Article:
Most government agencies strive to use technology more effectively, but only a few use it to directly save lives.

Despite its small size, the Joint Improvised Explosive Device Defeat Organization comes up with techniques and technologies to get rid of bombs and shares that information with U.S. and allied warfighters through an online training portal.

JIEDDO has three main missions: attacking IED manufacturing and distribution networks, defeating the devices and training warfighters, said James Craft, the organization’s chief information officer. Attacking IED networks requires big data tools such as data analytics, data mining and technology to connect and integrate knowledge for personnel across security levels.

The organization must develop new processes and technologies quickly in order to make it available to analysts within days and to troops within four to 24 months. It’s mantra is ABC: adopt, buy, and create if there are no other options.

“If a solution is out there, especially if it’s open source, we’ll hunt it down,” Craft said.

JIEDDO was created to address immediate IED threats facing U.S. and allied forces in Iraq and Afghanistan. At the time of its creation, a lot of counter IED information and some solutions were available, but data was scattered across many Defense Department web sites and organizations. Information from these sites have been consolidated into JIEDDO’s portal. Now, JIEDDO is modifying the portal to meet Office of Management and Budget and DoD strategic plans for government information technology, Craft said. Multiple systems created over the last six years are migrating to a cloud-based architecture.

Information about detecting and defeating IEDs and related data is loaded into the organization’s information environment to support various analysis processes and to support warfighters. Training warfighters to deal with IEDs (pictured above in Africa last year), the organization finds and promulgates the most current data to personnel through the JIEDDO Knowledge Information Fusion Exchange (JKnIFE), an online portal that serves as a one-stop shop for counter-IED training.

Fast innovation and agility are critical to JIEDDO’s mission, Craft said. To that end, it networks with government, industry and academic experts to amplify expertise within the organization’s 423 federal workers, he said. And they push for innovative tools to meet new needs.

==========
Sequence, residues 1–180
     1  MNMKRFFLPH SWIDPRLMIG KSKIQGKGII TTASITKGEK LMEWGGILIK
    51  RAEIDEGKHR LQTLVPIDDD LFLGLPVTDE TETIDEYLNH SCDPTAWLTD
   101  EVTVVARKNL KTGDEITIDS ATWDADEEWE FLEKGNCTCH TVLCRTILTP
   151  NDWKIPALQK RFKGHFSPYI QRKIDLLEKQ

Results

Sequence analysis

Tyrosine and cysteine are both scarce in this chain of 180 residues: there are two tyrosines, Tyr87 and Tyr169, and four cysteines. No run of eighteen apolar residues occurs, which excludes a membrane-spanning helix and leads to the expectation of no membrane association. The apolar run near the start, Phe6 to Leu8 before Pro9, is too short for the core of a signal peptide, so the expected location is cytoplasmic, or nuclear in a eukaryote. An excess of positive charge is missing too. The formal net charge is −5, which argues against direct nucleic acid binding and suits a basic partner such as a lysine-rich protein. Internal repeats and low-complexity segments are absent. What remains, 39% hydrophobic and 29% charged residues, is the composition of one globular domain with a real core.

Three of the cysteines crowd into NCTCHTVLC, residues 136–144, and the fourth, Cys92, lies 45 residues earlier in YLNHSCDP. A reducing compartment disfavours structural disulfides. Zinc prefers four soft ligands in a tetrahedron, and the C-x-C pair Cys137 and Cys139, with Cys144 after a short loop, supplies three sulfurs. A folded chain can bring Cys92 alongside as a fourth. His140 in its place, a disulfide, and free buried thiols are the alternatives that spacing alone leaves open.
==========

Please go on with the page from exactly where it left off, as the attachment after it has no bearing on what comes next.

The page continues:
For example, JIEDDO employs open source data mining and social networking processes to help spark innovation in a more cost-efficient way, he said.

JIEDDO also uses the Joint Worldwide Intelligence Communications System and the Afghan Mission Network to collect feedback from warfighters. They’re also pursuing upcoming network spaces such as the Future Mission Network and the Joint Information Environment through DoD.

“If there’s a collaborative environment that adds to the mission and we can leverage it, then we’ll look into it,” he said.

For technical data, such as specific engineering information to defeat certain types of IEDs, JIEDDO relies on DOD systems and collaborative tools through portals such as Intelink, the intelligence community’s network of networks.

However, JKnIFE is the crown jewel of JIEDDO’s information sharing and educational mission. The online portal provides training courses and instructional material specific to a soldier’s area of operation. The latest instantiation of the system itself is modeled on JIEDDO’s rapid fielding ethos, having gone from an identified need to a deployable system in only six months.

Designed to support both troops and their trainers the portal offers best practices, reports, tactics and procedures and it maintains an operations center to meet immediate user needs and requests. JIEDDO has launched a media server to provide video-based instructional material, Craft said.

The portal is changing the way the DoD produces and releases training material, Craft said. Traditionally, it often took years to collect, write and issue this information service-wide, he explained. Units receiving the documentation began training with information that was usually several years old. This process was repeated in most of the wars fought by the United States throughout the 20th century, he said.

JKnIFE works by creating partnerships between various training content providers and the operators they serve to rapidly roll out needed training material.

“That is a new way of doing business for the U.S. military and its coalition partners. To win future wars, we must learn faster and more effectively than our enemies” Craft said.